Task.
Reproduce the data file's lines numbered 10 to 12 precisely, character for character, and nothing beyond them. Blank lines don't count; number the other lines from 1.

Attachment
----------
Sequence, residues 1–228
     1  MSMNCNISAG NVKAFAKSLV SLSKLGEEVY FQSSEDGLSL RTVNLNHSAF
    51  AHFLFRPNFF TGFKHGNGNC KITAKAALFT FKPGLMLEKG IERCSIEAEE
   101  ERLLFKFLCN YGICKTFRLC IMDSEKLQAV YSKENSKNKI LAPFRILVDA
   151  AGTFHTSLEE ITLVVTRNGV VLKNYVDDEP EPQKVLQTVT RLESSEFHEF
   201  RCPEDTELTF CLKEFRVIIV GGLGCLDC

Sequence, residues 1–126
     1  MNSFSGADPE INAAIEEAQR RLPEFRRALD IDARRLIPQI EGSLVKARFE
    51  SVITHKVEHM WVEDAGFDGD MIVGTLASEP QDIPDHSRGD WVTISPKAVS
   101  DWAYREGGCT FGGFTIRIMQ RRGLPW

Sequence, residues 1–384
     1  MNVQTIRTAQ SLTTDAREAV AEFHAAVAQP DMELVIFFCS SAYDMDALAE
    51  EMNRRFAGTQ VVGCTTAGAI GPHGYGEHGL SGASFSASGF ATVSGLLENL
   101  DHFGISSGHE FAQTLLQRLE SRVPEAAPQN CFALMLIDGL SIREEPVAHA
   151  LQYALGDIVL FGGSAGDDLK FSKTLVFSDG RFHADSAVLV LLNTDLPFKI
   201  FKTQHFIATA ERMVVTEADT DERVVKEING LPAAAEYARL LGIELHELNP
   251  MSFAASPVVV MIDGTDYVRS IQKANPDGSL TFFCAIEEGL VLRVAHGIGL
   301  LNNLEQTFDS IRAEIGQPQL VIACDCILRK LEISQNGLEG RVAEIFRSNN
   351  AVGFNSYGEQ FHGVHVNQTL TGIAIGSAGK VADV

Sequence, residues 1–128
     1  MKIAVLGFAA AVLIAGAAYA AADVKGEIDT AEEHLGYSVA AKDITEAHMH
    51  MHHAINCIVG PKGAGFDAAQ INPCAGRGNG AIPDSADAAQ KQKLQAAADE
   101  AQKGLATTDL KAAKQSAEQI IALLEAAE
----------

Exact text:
   101  DWAYREGGCT FGGFTIRIMQ RRGLPW

Sequence, residues 1–384
     1  MNVQTIRTAQ SLTTDAREAV AEFHAAVAQP DMELVIFFCS SAYDMDALAE